Not just you, cell tower radiation killing birds
INDORE: Ever wondered about vanishing house sparrows, declining number of peacocks and other birds in city?
A study 'A possible impact of communication tower on wildlife birds and bees'-- conducted by expert committee of Union ministry of environment and forest-- attributes the drop in number of birds in Indore, Bhopal, Jabalpur, Ujjain and other cities to increase in use of mobile phones and electromagnetic radiation (EMR) emitting from communication towers.
"The number of mobile users in India is expected to rise to one billion in next few years. Such a rise will multiply mobile towers, which dot the country in a haphazard way," said Asad Rahmani, head of the committee. Concerned over increasing number of mobile towers in city, a city-based animal activist Sudhir Khetawat has written a letter to Animal Welfare Board, urging it to take necessary action in the matter.
"It is dangerous for birds and even forest department, in its letter dated May 5, 2015 and May 12, 2015, has accepted that mobile-tower radiation is effecting health of birds and peacock in particular," said Khetawat. Girish Kumar from electrical engineering department of IIT-Mumbai, who had done extensive work on harmful effects of mobile towers radiation on human, birds and animals, said birds, including sparrows, honey bees and peacocks are severely affected by cell-tower radiation as their surface area is more (so radiation absorbed is more) as compared to their body weight.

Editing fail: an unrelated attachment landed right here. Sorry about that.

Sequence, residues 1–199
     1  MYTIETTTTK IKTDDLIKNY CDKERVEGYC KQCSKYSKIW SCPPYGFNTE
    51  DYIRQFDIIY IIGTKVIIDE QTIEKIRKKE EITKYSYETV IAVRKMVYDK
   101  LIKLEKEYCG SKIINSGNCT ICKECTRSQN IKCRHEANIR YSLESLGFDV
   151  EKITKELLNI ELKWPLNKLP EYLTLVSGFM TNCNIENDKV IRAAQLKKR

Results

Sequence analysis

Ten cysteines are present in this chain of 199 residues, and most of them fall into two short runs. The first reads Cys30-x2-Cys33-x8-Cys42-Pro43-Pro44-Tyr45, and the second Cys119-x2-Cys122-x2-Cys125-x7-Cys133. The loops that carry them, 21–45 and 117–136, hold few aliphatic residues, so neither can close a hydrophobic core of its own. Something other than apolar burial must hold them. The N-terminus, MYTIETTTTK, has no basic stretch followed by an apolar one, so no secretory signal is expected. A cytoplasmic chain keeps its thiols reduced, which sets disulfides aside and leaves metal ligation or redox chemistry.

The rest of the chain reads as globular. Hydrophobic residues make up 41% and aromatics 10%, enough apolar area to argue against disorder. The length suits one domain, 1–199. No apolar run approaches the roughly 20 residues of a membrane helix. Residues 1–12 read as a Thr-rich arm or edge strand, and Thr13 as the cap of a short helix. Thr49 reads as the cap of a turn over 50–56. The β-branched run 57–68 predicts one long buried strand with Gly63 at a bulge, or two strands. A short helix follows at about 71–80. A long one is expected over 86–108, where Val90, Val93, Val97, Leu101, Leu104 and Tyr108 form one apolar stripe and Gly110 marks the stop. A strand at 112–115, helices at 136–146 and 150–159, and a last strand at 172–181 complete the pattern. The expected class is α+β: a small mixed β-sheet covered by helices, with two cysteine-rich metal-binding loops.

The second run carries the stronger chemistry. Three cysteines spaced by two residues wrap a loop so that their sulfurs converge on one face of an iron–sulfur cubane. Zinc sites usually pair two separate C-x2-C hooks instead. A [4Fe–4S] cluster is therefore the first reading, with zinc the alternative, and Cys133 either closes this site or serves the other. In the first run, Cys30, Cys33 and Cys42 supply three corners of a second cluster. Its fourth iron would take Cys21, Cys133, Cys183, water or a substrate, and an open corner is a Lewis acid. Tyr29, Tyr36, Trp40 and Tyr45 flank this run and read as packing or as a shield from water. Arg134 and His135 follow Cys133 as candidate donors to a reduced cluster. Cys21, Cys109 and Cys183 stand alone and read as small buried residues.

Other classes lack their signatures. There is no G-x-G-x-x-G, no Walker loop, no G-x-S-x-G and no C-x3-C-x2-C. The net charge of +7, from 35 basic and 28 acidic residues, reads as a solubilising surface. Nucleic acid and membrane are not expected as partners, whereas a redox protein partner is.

"When cell-tower radiation impinges on the human body or birds, molecules in the blood, fluid, water vibrate at a speed of 900 millions per second for GSM900 and 1,800 millions per second for GSM1800. These vibrations cause DNA damage and also produce heat, which is the principle of microwave heating," said Kumar.
He added that effects on peacocks is much more pronounced as its wings/feather occupy more surface area resulting in large absorption of radiation, and hence, creating more health hazards leading to various ailments and even death.